Trump’s agenda promises ‘great cybersecurity.’ What does that mean?

The last entry on a list of 50 brief bullet points released from the Trump campaign Sunday reads as follows, in its entirety: “Build a Great Cybersecurity Defense System and Missile Defense System.” 

If that seems a little more concise than it could be, it's because building great cybersecurity defense systems needs more than half a bullet point to explain. 

The Trump campaign has promised to expand on these and other ideas in the agenda during the convention and on the campaign trail. But in the meantime, what might the market expect when Trump does announces a detailed policy? 

Here's what will need to get hashed out.

Defend what?  

Important to note is that the U.S. government treats federal, state, critical infrastructure and general business systems as different entities. State governments claim dominion over the cybersecurity of several key aspects of cybersecurity. Businesses and critical infrastructure is governed by a murky mix of laws, federal agencies, the SEC and industry groups, but when it comes to defense, are typically expected to fend for themselves from hackers at their doorstep.  The Trump bullet point doesn't explain which of these four would be a federal responsibility.  

“A good policy agenda should lay out how the federal government intends to work with the key players in cyberspace,” said Michael Daniel, former cybersecurity coordinator for the Obama White house, and current president and CEO of the Cyber Threat Alliance, a cybersecurity industry group.  

Democrats have traditionally been more inclined to support a central federal government role in regulating cybersecurity for businesses, and an increase in the role of the federal government in defending states and privately held infrastructure.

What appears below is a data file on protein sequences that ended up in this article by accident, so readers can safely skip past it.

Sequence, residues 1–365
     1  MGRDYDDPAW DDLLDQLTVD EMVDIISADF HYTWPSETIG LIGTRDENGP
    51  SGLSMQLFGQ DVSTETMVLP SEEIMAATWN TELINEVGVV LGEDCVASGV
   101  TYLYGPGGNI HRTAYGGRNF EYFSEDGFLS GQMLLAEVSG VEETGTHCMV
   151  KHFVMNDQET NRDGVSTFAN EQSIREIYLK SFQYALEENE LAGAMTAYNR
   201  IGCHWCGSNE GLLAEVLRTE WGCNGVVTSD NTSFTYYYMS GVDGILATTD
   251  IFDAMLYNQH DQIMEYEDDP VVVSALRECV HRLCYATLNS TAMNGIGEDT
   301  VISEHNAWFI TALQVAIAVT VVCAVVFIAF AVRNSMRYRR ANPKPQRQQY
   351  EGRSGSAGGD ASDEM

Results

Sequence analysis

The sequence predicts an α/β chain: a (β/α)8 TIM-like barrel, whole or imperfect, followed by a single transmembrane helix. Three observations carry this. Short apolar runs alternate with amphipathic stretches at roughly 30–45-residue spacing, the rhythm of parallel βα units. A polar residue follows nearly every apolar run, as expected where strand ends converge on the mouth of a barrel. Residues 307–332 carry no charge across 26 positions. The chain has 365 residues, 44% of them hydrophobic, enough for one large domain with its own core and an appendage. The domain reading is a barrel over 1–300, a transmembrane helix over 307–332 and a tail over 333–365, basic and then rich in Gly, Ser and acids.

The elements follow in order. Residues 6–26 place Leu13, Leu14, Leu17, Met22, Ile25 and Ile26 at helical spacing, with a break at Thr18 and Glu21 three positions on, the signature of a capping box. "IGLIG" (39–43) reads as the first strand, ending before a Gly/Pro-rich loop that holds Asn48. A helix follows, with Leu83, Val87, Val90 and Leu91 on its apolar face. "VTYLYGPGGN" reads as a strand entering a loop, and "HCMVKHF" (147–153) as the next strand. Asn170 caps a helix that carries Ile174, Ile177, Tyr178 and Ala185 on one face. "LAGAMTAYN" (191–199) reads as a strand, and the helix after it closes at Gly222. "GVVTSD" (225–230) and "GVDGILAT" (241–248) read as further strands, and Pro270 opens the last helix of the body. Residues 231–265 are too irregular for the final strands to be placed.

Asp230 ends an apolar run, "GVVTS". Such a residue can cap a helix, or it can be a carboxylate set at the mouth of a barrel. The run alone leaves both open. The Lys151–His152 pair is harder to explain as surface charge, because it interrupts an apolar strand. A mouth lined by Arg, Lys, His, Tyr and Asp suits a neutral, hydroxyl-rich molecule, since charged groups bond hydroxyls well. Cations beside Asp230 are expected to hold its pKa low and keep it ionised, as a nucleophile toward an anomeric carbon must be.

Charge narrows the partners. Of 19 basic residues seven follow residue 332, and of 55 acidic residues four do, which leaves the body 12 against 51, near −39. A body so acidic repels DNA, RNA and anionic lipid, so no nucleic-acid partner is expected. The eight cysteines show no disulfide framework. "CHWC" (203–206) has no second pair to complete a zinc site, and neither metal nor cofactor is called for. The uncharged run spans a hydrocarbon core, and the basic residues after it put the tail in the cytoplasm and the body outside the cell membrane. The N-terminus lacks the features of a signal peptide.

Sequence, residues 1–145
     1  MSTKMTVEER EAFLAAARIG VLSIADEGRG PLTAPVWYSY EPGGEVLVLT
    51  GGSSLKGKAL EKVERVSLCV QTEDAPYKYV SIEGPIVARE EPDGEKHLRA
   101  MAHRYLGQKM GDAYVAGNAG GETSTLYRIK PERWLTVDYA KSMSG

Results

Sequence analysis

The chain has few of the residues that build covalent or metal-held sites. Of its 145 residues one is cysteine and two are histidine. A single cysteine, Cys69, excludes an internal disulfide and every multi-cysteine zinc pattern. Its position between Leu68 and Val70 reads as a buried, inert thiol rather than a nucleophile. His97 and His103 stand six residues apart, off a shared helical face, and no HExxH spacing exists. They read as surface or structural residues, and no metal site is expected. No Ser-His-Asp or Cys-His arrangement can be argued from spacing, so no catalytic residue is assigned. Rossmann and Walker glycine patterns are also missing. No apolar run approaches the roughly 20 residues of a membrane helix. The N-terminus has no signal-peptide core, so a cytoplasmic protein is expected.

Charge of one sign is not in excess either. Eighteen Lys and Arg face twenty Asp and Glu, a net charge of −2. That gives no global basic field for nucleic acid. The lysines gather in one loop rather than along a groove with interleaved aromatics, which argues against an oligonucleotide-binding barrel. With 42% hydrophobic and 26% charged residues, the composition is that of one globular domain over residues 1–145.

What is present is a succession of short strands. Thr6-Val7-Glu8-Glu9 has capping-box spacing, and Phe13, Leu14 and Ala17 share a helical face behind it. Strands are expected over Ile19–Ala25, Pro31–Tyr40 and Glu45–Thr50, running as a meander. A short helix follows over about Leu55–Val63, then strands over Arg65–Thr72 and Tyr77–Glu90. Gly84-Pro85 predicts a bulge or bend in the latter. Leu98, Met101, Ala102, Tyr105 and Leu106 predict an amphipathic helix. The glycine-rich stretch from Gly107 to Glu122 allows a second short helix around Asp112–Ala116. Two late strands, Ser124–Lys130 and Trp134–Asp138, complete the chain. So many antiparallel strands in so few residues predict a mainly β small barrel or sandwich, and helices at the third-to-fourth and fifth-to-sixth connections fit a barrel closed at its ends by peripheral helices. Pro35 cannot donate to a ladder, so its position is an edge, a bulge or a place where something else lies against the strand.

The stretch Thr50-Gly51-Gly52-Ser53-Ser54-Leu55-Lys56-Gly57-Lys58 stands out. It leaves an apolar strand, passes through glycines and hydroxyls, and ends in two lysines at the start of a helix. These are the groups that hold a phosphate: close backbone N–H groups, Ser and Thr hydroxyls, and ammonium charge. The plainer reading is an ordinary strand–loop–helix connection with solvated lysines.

That doesn’t mean that the Trump administration has been absent from the defense of these sectors. The Obama administration enjoyed a unusually calm period for Chinese economic espionage – either owing to a successful pact between the administration and the Xi government to stop economic espionage, or to the massive restructuring of the Chinese espionage apparatus that caused a temporary lull in capacity. Either way, when economic espionage picked up again, Trump met it with a mixture of sanctions and increased prosecutions.  


China looms large in the Trump administration. But it’s important to watch whether cybersecurity defense is viewed as an individual priority or part of a broader China strategy.

Trump has previously signaled willingness to treat even criminal justice matters as a bargaining chip in his China agenda. Reducing the temperature on the trade war might mean reducing or even trading away some of the focus on Chinese economic espionage.